The official lottery is a procedure for distributing something, usually money or prizes, among a large number of people by chance. The earliest state-sanctioned lotteries were government-sponsored games of chance in which players paid a consideration (money, property, or services) for the right to win a prize. These lotteries, which are the basis of modern state-run gambling, have long been controversial. Critics have questioned both the ethics of funding public services through gambling and the amount of money states really stand to gain from them. They have also criticized the way in which lottery games are designed to encourage gamblers and to exploit them by enticing them with high jackpots, even as they deceive players about the likelihood of winning.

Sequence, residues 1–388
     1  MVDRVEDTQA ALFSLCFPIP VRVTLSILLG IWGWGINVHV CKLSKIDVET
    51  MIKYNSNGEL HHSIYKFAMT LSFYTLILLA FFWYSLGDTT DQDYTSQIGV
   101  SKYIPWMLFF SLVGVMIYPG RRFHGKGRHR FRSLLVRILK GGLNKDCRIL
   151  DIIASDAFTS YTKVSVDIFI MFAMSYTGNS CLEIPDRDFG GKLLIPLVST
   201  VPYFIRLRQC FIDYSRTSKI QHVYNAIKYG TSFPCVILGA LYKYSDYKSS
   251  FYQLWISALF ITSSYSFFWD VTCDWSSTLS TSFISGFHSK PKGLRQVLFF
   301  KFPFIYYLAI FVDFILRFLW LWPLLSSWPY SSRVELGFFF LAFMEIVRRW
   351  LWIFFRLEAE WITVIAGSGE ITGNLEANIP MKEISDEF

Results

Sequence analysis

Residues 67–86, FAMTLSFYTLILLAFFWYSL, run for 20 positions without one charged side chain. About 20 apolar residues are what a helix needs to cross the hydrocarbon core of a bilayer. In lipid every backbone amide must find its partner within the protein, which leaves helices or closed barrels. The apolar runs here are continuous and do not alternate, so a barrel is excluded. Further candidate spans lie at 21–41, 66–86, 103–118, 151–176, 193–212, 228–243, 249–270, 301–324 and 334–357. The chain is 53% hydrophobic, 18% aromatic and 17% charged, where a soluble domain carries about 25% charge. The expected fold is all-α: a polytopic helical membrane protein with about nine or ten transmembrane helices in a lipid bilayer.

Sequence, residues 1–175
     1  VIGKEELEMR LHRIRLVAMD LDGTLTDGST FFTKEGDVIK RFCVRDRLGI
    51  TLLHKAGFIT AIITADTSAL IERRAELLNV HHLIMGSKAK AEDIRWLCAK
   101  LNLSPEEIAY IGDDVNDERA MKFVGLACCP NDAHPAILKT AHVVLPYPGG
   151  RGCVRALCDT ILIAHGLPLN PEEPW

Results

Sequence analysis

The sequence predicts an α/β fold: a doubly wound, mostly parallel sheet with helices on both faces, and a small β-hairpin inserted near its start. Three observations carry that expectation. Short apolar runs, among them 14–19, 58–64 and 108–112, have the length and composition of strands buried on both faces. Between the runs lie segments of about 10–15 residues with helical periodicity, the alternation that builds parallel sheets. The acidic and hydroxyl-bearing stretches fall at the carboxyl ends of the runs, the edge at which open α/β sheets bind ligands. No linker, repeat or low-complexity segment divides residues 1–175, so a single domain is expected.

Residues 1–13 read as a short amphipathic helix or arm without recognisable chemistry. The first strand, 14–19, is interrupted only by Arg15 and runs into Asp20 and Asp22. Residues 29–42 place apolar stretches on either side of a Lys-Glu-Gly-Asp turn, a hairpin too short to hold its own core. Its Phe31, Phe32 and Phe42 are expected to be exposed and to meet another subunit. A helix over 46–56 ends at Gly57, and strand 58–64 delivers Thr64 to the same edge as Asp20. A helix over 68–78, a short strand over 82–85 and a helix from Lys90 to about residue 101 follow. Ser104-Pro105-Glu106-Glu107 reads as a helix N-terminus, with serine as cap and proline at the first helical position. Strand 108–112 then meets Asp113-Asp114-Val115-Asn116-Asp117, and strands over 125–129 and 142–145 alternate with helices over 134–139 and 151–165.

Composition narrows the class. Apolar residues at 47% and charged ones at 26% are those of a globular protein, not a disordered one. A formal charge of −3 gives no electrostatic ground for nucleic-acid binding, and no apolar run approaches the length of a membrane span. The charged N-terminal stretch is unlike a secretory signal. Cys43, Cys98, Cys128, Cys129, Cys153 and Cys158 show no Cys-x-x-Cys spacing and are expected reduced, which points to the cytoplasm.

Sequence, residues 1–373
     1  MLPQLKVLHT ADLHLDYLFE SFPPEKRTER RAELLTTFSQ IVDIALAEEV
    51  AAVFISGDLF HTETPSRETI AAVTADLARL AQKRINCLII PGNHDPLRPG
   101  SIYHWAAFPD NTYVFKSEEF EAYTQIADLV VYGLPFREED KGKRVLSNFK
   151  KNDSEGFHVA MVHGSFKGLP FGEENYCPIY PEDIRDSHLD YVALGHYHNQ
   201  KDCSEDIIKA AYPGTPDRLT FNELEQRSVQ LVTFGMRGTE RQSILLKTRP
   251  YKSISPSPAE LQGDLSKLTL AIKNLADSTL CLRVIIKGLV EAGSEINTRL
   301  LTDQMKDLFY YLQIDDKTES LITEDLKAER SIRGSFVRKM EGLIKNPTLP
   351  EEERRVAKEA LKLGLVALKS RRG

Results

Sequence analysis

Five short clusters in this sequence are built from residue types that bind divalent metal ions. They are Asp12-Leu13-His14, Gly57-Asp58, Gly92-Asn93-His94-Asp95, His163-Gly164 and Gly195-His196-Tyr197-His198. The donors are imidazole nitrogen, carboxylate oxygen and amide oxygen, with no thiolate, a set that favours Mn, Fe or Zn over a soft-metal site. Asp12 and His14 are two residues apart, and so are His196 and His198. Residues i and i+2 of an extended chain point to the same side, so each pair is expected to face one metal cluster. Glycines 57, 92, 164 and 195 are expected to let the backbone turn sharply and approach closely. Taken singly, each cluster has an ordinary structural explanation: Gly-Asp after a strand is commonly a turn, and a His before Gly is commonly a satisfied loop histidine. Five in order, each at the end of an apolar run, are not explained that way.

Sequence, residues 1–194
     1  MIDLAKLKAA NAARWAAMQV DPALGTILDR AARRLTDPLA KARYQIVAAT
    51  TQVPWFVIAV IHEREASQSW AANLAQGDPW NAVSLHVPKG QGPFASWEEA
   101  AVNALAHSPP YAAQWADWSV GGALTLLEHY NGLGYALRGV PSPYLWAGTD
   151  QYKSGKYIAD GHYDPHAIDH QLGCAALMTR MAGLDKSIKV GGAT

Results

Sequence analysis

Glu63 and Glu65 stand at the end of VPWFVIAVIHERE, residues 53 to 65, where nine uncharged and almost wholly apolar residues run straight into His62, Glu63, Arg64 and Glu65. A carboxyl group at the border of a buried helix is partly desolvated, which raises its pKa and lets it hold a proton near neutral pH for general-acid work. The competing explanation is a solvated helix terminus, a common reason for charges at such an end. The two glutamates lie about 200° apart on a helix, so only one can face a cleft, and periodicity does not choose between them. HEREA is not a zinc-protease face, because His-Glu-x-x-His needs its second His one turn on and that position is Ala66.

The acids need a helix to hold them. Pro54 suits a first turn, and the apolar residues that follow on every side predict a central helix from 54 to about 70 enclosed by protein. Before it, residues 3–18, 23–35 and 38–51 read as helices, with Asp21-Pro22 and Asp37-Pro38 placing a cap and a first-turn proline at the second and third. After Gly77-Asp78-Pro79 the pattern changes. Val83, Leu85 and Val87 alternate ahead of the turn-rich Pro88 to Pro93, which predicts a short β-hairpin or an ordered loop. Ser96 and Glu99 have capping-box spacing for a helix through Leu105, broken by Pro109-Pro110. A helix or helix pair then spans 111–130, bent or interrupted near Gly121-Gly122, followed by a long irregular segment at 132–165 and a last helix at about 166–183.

State legislators in the late twentieth century began searching for ways to balance budgets that did not enrage an increasingly tax-averse electorate. In many cases, they found that their best solution was a lottery.
In the early days of lotteries, advocates argued that the new revenue would float a single line item, usually education but sometimes such services as elder care or public parks, and urged voters to support it not because they supported gambling but because they did so in order to promote a worthy cause. As the popularity of lotteries grew, however, it became difficult to sell them on the grounds that they could cover entire state budgets. So advocates began to shift their arguments. Instead of arguing that a lottery would save money for education, they started to argue that it would pay for some other service that was popular and nonpartisan—and often aimed to appeal to the religious sensibilities of their constituents.